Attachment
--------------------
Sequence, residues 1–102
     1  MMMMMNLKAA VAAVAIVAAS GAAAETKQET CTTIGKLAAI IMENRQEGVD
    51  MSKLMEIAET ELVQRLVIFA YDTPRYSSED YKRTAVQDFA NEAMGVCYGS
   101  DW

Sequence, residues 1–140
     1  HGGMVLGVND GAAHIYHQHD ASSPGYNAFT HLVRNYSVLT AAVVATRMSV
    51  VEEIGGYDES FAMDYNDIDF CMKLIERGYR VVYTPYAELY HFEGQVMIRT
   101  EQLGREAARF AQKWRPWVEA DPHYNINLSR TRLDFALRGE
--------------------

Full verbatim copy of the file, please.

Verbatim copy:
Sequence, residues 1–102
     1  MMMMMNLKAA VAAVAIVAAS GAAAETKQET CTTIGKLAAI IMENRQEGVD
    51  MSKLMEIAET ELVQRLVIFA YDTPRYSSED YKRTAVQDFA NEAMGVCYGS
   101  DW

Sequence, residues 1–140
     1  HGGMVLGVND GAAHIYHQHD ASSPGYNAFT HLVRNYSVLT AAVVATRMSV
    51  VEEIGGYDES FAMDYNDIDF CMKLIERGYR VVYTPYAELY HFEGQVMIRT
   101  EQLGREAARF AQKWRPWVEA DPHYNINLSR TRLDFALRGE